Posted on: 3 April 2013

Akbar's triumphant entry into Surat. Painting from Akbarnama, ca.1590-1595

Composed and painted by Farrukh Beg.

This illustration to the Akbarnama (Book of Akbar) depicts the Mughal emperor Akbar (r.15561605) riding on a black horse through Surat in western India after taking the city in 1572.

The Akbarnama was commissioned by Akbar as the official chronicle of his reign. It was written in Persian by his court historian and biographer, Abul Fazl, between 1590 and 1596, and the V&As partial copy of the manuscript is thought to have been illustrated between about 1592 and 1595. This is thought to be the earliest illustrated version of the text, and drew upon the expertise of some of the best royal artists of the time. Many of these are listed by Abul Fazl in the third volume of the text, the Ain-i Akbari, and some of these names appear in the V&A illustrations, written in red ink beneath the pictures, showing that this was a royal copy made for Akbar himself. After his death, the manuscript remained in the library of his son Jahangir, from whom it was inherited by Shah Jahan.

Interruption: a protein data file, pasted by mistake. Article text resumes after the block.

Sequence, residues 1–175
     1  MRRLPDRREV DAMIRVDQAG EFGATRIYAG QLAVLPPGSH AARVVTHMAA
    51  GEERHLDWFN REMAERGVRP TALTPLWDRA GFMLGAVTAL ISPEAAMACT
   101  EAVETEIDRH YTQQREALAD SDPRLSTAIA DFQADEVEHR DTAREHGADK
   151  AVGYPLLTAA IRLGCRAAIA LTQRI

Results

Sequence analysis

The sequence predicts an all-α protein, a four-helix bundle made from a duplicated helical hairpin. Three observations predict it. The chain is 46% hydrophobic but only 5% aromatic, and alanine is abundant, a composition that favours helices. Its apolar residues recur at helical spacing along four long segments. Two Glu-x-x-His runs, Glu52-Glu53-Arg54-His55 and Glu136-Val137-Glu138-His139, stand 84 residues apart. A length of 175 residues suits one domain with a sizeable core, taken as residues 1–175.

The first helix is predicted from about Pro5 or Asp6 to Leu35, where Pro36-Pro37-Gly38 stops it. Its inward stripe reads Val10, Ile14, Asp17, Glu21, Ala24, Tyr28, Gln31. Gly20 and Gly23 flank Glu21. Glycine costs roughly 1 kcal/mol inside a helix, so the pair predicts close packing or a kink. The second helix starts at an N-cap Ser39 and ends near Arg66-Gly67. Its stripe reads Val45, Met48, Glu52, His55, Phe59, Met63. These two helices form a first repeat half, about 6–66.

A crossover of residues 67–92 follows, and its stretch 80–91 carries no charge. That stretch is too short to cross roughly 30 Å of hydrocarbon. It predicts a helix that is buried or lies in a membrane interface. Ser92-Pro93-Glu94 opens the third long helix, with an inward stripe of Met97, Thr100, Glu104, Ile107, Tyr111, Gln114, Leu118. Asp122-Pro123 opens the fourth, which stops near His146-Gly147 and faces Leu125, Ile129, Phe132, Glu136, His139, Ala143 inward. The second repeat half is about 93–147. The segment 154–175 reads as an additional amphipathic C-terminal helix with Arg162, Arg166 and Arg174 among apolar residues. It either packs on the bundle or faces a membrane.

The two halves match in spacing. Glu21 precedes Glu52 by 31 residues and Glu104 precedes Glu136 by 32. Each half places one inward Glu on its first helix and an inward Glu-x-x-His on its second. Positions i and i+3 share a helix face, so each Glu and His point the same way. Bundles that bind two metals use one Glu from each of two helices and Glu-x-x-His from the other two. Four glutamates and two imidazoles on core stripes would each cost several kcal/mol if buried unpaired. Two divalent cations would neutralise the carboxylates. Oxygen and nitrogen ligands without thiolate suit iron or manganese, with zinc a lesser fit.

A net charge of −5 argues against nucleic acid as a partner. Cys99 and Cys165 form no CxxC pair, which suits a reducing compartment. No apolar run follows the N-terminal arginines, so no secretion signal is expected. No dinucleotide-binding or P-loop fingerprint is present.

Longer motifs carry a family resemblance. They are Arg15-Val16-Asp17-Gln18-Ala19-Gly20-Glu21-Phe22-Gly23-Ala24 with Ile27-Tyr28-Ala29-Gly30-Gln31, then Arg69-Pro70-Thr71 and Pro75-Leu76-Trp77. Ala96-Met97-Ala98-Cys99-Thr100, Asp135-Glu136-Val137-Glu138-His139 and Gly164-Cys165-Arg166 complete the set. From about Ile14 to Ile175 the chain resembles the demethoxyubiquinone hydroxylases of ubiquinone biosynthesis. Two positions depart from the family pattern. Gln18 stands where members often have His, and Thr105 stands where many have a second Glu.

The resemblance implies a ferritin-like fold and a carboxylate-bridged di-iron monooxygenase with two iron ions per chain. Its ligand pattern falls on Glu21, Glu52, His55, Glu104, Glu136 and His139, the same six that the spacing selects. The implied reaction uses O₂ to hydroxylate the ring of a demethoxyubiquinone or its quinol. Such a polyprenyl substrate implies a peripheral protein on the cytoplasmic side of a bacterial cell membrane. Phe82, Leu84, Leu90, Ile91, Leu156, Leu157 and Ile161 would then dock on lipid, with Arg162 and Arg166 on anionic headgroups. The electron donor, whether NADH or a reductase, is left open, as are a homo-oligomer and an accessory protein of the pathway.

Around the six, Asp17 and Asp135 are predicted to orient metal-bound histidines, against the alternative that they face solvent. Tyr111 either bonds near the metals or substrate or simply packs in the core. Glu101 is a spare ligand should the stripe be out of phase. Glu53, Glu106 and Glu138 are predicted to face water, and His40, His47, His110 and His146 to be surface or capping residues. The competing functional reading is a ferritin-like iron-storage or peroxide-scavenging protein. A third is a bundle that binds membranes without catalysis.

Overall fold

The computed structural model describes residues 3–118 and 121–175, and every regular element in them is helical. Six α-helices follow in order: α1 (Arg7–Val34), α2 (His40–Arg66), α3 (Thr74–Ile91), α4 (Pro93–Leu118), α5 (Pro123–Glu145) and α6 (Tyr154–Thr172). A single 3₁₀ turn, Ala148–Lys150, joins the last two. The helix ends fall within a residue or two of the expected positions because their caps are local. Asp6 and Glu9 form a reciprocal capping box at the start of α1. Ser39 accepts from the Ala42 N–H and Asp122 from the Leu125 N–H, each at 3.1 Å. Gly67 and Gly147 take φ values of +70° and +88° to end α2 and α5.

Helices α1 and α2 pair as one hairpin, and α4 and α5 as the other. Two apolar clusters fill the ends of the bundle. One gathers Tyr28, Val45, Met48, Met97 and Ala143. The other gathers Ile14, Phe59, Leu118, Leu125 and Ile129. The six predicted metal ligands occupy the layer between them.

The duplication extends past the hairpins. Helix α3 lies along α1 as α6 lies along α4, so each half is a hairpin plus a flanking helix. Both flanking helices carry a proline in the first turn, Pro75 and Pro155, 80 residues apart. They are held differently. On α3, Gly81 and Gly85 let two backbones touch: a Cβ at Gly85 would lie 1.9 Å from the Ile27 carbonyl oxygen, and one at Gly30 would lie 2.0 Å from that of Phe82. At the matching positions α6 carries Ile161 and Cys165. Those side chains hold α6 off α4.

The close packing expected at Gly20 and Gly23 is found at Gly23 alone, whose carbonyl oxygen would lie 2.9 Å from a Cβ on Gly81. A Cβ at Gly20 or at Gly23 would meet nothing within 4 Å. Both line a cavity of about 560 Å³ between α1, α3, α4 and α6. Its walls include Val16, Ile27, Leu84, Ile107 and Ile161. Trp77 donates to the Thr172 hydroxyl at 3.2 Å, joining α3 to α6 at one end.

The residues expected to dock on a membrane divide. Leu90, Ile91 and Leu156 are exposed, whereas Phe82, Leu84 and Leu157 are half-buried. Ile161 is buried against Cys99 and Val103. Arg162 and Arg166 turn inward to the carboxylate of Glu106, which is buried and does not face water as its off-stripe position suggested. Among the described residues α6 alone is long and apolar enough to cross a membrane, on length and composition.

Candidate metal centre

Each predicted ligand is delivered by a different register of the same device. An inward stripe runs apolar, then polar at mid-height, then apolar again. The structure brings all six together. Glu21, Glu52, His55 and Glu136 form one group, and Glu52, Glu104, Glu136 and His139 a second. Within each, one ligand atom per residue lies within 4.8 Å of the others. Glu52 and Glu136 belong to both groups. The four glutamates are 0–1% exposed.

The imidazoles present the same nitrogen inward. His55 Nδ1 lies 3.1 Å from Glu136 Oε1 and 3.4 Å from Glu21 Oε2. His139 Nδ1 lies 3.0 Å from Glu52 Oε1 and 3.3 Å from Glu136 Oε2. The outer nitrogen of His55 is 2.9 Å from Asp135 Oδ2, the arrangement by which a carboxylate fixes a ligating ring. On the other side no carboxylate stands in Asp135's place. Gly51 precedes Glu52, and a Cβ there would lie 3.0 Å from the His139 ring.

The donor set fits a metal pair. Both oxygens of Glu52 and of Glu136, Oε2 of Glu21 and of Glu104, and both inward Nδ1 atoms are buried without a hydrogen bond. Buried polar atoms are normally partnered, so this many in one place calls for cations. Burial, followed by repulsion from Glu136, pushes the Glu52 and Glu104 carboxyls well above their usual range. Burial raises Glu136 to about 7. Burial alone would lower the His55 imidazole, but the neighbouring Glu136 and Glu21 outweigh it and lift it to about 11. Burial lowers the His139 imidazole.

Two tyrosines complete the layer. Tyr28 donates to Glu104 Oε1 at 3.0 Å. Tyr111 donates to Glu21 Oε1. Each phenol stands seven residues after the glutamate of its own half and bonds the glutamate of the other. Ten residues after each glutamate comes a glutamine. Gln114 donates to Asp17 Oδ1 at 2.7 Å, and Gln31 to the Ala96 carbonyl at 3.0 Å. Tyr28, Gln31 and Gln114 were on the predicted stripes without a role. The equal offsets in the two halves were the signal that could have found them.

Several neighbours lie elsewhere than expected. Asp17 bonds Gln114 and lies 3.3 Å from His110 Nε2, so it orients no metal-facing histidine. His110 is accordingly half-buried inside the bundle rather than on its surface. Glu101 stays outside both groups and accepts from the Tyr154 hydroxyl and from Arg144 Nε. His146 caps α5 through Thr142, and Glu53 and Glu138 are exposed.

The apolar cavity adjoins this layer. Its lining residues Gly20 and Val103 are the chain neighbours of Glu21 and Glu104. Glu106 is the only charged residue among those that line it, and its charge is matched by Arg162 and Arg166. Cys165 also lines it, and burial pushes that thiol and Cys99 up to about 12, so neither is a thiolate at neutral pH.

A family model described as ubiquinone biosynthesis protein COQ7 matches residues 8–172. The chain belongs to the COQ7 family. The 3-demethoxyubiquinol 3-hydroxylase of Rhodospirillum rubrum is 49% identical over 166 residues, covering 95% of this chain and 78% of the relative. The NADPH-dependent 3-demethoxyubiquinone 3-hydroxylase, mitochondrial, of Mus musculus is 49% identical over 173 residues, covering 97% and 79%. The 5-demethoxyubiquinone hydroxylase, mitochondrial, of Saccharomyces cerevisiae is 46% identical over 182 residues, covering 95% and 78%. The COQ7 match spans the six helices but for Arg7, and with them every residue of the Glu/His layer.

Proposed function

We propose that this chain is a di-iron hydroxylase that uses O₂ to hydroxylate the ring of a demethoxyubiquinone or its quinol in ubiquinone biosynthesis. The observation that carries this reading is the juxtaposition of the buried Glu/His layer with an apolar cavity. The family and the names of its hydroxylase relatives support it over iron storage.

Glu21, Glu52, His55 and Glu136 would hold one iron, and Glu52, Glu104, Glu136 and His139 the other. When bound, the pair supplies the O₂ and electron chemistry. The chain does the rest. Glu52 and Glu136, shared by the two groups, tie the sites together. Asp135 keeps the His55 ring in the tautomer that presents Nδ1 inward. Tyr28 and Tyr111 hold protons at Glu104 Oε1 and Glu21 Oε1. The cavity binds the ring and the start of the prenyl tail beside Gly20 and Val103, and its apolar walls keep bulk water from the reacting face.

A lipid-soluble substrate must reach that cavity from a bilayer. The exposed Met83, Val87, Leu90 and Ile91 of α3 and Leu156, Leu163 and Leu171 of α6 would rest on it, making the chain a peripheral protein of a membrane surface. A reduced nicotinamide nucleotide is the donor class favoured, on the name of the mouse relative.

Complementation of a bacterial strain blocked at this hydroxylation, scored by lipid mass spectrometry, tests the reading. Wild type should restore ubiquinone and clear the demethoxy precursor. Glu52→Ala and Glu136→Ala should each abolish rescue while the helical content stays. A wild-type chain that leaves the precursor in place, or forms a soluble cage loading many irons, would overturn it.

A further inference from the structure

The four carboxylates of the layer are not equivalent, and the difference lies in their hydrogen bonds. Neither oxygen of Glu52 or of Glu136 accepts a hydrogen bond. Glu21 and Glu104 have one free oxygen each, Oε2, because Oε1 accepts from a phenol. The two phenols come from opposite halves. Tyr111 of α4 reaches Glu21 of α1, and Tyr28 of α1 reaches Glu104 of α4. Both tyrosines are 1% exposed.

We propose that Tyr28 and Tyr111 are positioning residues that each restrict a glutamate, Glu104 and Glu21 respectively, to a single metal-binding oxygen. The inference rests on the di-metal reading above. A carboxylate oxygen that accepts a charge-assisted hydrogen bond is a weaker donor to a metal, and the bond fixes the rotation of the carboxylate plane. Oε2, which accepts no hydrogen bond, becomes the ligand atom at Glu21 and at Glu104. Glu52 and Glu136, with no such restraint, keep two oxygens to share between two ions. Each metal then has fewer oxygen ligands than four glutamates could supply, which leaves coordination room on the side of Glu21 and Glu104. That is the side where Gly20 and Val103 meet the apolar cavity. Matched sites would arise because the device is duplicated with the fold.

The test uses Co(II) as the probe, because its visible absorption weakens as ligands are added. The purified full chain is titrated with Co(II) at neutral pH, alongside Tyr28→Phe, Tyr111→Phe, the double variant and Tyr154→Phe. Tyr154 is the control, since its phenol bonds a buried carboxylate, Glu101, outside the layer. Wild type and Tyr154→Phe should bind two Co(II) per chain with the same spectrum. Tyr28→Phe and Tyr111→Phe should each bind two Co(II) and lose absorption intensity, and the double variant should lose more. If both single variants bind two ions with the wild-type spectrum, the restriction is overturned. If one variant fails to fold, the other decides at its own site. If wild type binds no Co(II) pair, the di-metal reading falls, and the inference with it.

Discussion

Copyright: V&A Images


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ooohh - these carpets on the fil/elephant & the horse which Akbar sits on - fab .... this makes them contemporary of the Ardabil carpet. And Akbar is the one who introduced the wool-pile carpet making in Agra, Lahore & Fatehpur, India ( from Herat/Kirman/Isfahan/Kashan - Iran). Abul Fazl also records with great pride in Ain-i-akbari that " all kind of carpet-makers are settled here & thanks to his majesty, the wonderful varieties & textures made in India are such that ...the carpets of Iran & Turan are no more thought of ". Strange that we dont have a single surviving carpet of Akbar period. Or perhaps some of those pieces in boston, paris, london museums have been incorrectly classified as iranian (because of the herati/kashan motifs & wefts), not indo-iranian, as kamaladevi chattopadhaya suspected. The indo-iranian had bolder colours. And the blue-red royal contrast here suggests that ...wah wah ...

astonishing.

Amazing.............

Love this work

kadak

Thank u Ratnesh,it gave insight into how Mughals introduced n.broght exellent skill of carpet making in India.